Change throttle speed during backup (workaround)

In case anyone else misses this feature as much as I do, I thought I’d share my (Linux-specific) workaround.
I really need to limit upload speed during the day, but if I throttle to something daytime users can live with, my backups take over a month.

So I use the masochistic tc instead:

tc qdisc add dev eth0 root handle 1:0 htb default 99
tc class add dev eth0 parent 1:0 classid 1:1 htb rate 100Mbit ceil 100Mbit
tc class add dev eth0 parent 1:1 classid 1:11 htb rate 1Mbit ceil 1Mbit prio 2
tc qdisc add dev eth0 parent 1:11 handle 10: sfq perturb 10
iptables -t mangle -A POSTROUTING -o enp3s0 -p tcp -d [target IP] -j CLASSIFY --set-class 1:11

And then a cron job sets the speed faster at midnight and slower at 8am:

tc class change dev eth0 parent 1:1 classid 1:11 htb rate [speed] ceil [speed] prio 2

Hope that helps someone.


Maybe the actual issue is bufferbloat?

I have duplicacy uploading full speed on 10mbit upstream, its’ literally straight line for few weeks now, and yet all WFH services are unaffected (the whole family in Zoom, Webex, etc).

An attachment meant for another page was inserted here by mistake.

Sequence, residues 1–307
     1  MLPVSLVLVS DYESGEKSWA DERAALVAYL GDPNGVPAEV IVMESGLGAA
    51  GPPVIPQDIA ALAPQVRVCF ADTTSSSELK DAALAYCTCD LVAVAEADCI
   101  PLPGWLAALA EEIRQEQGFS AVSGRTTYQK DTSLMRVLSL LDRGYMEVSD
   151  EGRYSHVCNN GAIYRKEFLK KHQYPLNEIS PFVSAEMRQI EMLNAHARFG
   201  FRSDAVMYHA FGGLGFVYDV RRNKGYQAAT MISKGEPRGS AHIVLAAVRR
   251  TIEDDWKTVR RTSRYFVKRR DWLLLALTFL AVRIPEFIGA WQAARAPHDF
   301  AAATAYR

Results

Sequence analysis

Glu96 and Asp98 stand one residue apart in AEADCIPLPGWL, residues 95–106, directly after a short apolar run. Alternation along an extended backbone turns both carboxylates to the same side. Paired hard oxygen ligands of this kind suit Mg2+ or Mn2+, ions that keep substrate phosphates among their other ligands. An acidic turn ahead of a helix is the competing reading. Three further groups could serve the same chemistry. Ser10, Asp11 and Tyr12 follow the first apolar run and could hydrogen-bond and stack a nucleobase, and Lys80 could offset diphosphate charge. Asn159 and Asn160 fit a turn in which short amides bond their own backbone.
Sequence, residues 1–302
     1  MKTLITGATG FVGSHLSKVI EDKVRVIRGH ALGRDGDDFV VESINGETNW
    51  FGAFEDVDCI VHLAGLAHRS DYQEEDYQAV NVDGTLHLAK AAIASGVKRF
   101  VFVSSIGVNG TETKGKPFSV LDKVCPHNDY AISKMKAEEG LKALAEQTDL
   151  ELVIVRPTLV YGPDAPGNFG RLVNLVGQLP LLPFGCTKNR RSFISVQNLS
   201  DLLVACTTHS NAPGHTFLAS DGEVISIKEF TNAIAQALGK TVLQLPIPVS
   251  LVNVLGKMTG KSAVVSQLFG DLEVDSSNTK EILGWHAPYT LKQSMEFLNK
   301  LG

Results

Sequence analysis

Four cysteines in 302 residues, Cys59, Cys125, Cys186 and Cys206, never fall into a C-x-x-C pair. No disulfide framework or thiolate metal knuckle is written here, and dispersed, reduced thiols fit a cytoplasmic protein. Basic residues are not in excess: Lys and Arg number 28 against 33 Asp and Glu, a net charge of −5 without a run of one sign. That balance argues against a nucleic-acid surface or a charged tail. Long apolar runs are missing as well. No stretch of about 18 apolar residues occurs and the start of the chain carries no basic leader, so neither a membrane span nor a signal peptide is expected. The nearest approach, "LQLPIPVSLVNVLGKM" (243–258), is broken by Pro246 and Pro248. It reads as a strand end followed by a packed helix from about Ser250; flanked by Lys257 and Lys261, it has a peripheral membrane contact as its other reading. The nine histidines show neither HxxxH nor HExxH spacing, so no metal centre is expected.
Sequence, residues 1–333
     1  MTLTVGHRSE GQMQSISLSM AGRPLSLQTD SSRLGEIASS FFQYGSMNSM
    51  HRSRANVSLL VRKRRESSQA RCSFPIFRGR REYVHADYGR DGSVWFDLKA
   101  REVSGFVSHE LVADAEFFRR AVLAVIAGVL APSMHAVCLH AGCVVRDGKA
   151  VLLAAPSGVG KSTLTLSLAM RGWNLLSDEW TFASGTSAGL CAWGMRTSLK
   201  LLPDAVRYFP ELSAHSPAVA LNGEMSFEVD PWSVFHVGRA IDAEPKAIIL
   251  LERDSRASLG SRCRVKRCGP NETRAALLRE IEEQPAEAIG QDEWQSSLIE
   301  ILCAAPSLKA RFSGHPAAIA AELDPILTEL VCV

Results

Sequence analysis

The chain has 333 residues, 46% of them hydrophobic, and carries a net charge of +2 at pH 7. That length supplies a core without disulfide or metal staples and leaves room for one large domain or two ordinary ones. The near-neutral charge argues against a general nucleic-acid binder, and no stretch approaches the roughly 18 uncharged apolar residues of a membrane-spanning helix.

Managing bandwidth is usually counterproductive, just as you touched on – doing so leaves a lot of bandwidth on the table. IMO – non-maxed out upstream == wasted money.

Maybe, but in my experience it’s a common occurrence on mediocre ADSL. Maxed out upload hinders ACKs for downloads, so the whole connection is bogged.

I never had any issues back when I had a nice 10/100 link (i miss those days), but always had this in all the dinky ADSLs I’ve been forced to live with since then.

I guess non-crappy routers/ISPs could prioritize ACKs but my only solution has always just been to limit uploads and ensure I leave a chunk of upstream available for the rest of the devices on my network.

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This is the very definition of bufferbloat: ack packets sit in the queue until the enormous buffers full of bulk traffic drain. And yes, it is very common, and yea, virtually none of consumer gateways have means to address that.

Try the gateway that supports SQM. You may even be able to boot OpenWRT on your existing “crappy” router, or if not — get a cheap linksys from eBay, install OpenWRT, configure SQM and add it behind your gateway.

SQM will fix your issues completely without the need to manage (and waste) the bandwidth manually.

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